Looking Down at the Floor Tiles to Avoid Racism

Yuxin (Lisa) Pang '25, Contributing Writer

“What would she do?”
“How would she react?”
“What would she say?”

Those are the three questions I have asked myself when it comes to making decisions, communicating, and even when reaching out to someone. It wasn’t until last year that I realized I was asking I myself these questions because I had been trying to be someone else, so I could show the best part of myself to anyone around me.

“It is important for us to wear other’s shoes and think under their circumstances,” said one of my former teachers. At first, I thought of it as a talent of mine: sympathizing with others, only to later realize I wasn’t imagining wearing other’s shoes, I was really wanting to have shoes like like others.

It all started with the hot summer of fifth grade. My family and I had moved back to the U.S.; only this time it was a whole new state and a whole new home. I thought I was special as one of 10 or fewer Asian kids in my elementary school–only to find out that being special was not a good thing.

“Ching chong chong ching,” said a girl who sneaked up behind me and said weird words smugly to me as I waited in line for the bus. I thought it was an everyday slang used at the time, so I smiled awkwardly back. My confusion created laughter and giggles among the girl and her friends. I expected this as a sign of benevolence, a new start of a friendship, but only to realize years later that it was what many had faced across the U.S. and the planet: racism.

That year was a tough start. I was more afraid to stand out, but I soon realized even if I didn’t join in, I would still stick out like peanut in almonds. The next year the class welcomed me with silence and a nice smile on the teacher’s face. The eyes that fell on me were mixed with confusion and surprise. I quickly glanced over the class, and with the most obvious observation, I noted that the room is two colors: black and white.

As one of the few Asian kids in that class, it was disconcerting at first. This unique situation brought questions with curiosity and self-awareness of looking different; when I walked in the hallway by myself, there would always be eyes on me, and special attention from the teacher even if they tried their best to hide it.

It was during art class when I was called out for talking during class. I think I was trying to let my peer grab my pencil. “My pencil was running away,” I told the teacher. The class burst out laughing after a moment of silence. My cheek flushed with redness and my brain went numb as I heard myself being mimicked from the murmurs around me. Students looked at me with wide smiles on their faces saying: “My pencil was running away.” “Was she trying to say rolling?”

My heart filled with embarrassment. I wished that I was small enough to hide inbetween the cracks of the tiles. Of course, in the end, the teacher stopped the chaos, and after that, I was sent to my English as a Second Language class more often than ever.

I understand that sometimes people are just jerks, they say things to make themself superior and funny. But in the end, can emotions like embarrassment and awkwardness stop the earth from spinning? When you are under the spotlight every small mistake magnifies. For a long time, I came to school consciously lowering my head and counting the pattern of the tiles. I tried to fit in by making myself small and unnoticeable. It seems like attention gets less and less when you become the quiet Asian kid.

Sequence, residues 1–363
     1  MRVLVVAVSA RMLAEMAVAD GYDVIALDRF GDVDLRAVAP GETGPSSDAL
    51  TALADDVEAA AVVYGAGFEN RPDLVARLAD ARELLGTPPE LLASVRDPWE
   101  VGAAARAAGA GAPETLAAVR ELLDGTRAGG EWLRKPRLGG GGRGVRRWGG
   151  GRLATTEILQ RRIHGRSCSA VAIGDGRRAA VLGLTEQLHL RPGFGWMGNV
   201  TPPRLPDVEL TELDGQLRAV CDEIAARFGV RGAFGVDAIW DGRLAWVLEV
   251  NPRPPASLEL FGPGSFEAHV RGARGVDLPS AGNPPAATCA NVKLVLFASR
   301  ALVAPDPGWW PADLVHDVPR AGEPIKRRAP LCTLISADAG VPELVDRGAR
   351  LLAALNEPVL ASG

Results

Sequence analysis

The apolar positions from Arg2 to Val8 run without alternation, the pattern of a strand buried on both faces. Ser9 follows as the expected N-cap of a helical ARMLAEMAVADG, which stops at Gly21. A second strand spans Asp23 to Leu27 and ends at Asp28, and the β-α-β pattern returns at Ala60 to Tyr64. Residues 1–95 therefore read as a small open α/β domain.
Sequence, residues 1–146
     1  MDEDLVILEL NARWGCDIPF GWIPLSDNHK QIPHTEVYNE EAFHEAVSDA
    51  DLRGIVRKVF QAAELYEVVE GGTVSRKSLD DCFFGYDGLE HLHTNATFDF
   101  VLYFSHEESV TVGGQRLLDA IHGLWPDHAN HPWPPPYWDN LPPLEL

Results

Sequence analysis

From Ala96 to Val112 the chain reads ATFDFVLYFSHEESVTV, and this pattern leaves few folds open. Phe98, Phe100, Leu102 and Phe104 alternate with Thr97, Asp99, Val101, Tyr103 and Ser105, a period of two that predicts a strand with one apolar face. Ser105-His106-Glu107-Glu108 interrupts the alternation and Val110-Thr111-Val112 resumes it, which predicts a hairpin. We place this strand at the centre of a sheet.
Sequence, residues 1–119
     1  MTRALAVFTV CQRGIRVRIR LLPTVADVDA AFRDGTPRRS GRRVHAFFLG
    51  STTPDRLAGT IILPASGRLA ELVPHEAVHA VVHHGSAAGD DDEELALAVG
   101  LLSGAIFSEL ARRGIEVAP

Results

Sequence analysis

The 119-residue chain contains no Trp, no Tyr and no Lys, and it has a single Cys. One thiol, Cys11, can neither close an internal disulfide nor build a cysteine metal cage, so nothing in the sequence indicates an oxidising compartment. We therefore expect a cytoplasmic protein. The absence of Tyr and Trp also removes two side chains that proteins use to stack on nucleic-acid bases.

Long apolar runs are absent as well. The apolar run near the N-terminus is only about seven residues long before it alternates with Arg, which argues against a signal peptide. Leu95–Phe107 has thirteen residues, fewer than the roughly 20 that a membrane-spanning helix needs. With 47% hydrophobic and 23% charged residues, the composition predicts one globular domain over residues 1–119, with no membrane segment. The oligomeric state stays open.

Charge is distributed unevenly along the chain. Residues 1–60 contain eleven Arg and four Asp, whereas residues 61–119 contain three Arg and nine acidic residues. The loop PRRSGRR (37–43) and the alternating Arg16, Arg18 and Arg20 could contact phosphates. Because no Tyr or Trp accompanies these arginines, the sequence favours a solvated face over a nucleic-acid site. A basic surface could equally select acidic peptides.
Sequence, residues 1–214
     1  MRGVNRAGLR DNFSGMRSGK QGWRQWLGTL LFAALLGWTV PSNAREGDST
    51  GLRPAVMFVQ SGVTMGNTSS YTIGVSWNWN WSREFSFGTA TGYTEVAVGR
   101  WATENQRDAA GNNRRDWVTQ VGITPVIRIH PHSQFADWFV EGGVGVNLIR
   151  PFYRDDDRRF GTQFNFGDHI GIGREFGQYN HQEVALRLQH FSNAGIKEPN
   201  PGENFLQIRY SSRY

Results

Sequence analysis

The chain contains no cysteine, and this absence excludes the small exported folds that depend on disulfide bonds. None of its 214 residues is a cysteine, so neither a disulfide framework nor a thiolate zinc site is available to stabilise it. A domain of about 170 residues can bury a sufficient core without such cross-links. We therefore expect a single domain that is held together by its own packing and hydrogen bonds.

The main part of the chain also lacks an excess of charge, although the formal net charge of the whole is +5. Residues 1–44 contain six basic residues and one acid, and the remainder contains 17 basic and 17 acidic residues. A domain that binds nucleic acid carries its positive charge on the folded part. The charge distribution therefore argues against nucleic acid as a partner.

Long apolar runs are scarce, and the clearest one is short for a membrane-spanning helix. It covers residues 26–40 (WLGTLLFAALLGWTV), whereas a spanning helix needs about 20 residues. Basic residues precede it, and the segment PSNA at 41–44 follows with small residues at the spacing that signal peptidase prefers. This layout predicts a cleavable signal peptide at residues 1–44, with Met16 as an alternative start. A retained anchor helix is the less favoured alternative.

Things started to change for the better when middle school came around. At the end of the year, we visited the middle school to experience the campus and see extracurricular classes. When the school band performed in the gym, I noticed a self-assured girl from a grade above who was also east Asian. My eyes lit up as I saw her shine while playing the flute. She fit so well with the crowd.

My heart was pounding hard. I couldn’t tell if it was the heart-touching pieces played by the band or the excitement of seeing someone I always dreamt of being. Since then, I started to imitate her from my view: her way of talking barely with an accent and her way of joining a conversation and making friends smoothly. I wished I could be just like her, even though I knew nothing about her other than how she presented herself at the surface.

From there I learned how to observe and emulate.

I copied the way people would joke around their friends and the way people fall into the cycle of changing. I ran and ran to chase that north star of being “her.” In the end, the star is the star and Earth is Earth, I wasn’t really happy with how I was acting.

I can’t wear anyone’s shoes who don’t fit me, but luckily I was able to find out what I truly like on this journey.

I joined the marching band in high school, and for the first time, I was able to find a community that I felt I belonged to–where even people who are different are supportive of each other. Slowly I was able to stand up and look straight walking in the hallways where I knew behind me where there are people and things that I love.

We often look at our reflections in the mirrors and we reflect on our flaws. We judge ourselves with the standards and judgment that society creates, and we try to perfect ourselves based on the reflection when we have only seen ourselves through other people’s reflections. I had wished to become the mirror where I could mimic others to piece out myself, to follow the shiny north star, and imagine becoming that star.

However, I have realized: I already shine in my own way.